1 min read

Ever since my work-cation in Joshua Tree, one of my favorite games to play is asking someone their answers to two questions:

  1. What do you wish you could spend more time doing?
  2. What do you wish you could spend less time doing?

It sounds simple, and you probably already have a gut feeling what your answers to those two questions would be.

But without explicitly answering those questions, you can’t evaluate your responses. Once you have defined your responses, you can begin to question your focus and exactly how you are spending your time.

Wish you could spend more time at the gym? Less time in meetings? Great. Now how can you make that happen?

This is the step so many of us miss. We are programmed to get comfortable with the status quo and accept that things are in place for good reason. Things are this way because that’s the way they have to be, right?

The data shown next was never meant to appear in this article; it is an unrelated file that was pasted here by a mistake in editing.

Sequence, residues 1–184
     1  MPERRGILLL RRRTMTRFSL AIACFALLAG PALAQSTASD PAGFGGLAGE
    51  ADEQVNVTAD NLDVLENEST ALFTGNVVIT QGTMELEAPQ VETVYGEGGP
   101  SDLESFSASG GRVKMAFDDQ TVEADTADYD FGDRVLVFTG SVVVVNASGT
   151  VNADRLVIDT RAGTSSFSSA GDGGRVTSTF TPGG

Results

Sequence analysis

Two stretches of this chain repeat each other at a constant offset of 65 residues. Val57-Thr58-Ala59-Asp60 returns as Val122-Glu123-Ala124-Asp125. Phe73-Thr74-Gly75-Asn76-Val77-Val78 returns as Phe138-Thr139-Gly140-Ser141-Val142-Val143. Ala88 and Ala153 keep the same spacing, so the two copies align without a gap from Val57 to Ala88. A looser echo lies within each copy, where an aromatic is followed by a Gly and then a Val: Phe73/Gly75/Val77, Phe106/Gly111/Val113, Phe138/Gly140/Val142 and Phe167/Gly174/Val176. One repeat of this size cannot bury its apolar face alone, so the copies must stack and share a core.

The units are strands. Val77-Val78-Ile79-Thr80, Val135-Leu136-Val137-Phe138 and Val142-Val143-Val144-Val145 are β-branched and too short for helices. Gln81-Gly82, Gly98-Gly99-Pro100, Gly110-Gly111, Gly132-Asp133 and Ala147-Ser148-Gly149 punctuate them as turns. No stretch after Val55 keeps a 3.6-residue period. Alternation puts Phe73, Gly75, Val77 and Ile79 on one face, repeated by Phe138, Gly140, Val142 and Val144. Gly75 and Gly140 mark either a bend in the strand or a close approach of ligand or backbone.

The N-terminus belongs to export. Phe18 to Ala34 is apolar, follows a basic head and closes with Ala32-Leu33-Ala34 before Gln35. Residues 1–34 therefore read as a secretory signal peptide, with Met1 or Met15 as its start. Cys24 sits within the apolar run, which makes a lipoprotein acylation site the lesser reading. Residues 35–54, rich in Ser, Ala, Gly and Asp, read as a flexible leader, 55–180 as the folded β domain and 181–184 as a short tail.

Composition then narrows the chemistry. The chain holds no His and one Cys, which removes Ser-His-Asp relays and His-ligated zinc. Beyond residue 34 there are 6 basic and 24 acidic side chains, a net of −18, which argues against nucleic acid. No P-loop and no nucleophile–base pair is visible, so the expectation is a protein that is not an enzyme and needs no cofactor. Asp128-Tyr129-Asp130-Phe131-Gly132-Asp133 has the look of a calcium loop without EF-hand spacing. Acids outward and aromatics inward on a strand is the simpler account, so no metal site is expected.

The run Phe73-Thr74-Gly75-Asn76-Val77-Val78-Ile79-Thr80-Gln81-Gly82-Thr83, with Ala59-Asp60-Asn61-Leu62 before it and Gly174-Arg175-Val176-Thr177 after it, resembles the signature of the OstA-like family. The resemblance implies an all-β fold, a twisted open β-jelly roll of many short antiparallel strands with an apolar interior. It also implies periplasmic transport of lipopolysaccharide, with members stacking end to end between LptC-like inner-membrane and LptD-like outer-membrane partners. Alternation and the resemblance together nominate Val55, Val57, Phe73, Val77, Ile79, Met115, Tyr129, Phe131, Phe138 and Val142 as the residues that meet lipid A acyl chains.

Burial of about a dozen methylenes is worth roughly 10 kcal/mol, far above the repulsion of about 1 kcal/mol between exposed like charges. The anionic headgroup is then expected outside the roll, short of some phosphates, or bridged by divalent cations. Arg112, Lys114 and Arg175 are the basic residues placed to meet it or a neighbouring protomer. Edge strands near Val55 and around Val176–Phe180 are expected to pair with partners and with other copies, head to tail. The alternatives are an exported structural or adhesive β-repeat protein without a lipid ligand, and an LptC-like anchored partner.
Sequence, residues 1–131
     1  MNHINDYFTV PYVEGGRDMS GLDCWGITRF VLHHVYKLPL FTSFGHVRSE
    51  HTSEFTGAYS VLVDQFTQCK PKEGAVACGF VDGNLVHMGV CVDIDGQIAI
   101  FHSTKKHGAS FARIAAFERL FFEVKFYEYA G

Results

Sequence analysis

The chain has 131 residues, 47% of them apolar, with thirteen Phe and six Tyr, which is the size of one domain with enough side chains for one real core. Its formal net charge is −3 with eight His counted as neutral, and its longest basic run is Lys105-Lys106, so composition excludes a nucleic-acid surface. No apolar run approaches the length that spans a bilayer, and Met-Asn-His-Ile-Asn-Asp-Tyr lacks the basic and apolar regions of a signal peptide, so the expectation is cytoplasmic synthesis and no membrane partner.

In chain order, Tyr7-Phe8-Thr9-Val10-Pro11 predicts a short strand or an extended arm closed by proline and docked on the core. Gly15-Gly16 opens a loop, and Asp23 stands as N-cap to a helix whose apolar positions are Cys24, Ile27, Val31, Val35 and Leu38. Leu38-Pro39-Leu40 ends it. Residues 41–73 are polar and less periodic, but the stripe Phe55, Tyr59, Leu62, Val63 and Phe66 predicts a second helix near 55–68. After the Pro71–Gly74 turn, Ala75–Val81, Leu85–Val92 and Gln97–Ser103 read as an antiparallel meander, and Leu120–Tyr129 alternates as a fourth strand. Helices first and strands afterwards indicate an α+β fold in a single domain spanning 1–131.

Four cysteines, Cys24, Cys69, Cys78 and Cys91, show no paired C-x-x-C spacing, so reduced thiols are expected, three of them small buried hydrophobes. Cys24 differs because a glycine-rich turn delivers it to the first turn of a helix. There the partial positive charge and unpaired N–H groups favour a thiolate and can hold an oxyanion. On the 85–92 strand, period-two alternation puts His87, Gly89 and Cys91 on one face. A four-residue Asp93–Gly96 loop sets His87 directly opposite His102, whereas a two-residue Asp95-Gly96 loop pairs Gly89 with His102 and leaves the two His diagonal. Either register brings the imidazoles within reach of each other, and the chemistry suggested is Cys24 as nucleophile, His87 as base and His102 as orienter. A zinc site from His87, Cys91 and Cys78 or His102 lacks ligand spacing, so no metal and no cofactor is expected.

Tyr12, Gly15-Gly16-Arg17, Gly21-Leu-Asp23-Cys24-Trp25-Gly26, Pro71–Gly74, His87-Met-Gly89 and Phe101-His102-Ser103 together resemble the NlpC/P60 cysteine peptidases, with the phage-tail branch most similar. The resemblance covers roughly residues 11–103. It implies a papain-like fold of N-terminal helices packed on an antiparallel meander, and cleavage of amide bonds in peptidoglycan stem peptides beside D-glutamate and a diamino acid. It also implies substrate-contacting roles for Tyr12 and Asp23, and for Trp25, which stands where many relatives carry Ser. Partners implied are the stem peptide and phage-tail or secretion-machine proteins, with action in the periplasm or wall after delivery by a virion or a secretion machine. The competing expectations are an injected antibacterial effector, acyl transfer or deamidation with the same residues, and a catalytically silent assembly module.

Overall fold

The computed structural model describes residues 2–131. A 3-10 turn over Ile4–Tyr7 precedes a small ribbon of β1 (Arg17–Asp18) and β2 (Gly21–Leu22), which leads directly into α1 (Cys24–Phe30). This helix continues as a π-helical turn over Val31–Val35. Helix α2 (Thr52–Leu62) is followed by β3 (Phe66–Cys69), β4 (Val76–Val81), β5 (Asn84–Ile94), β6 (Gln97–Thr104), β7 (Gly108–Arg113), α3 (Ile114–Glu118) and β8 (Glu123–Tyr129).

Absolutely not.

Once you know how you’d prefer to spend your time, perform an audit of how you’re spending it now. What are the activities you can cut out? What are the activities you can combine? Are you wasting a lot of time on social media or TV that you could otherwise explicitly structure?

Of course, there are tradeoffs. But if how you are not spending your time isn’t aligned with how you want to spend it, you owe it to yourself to make an effort to change that.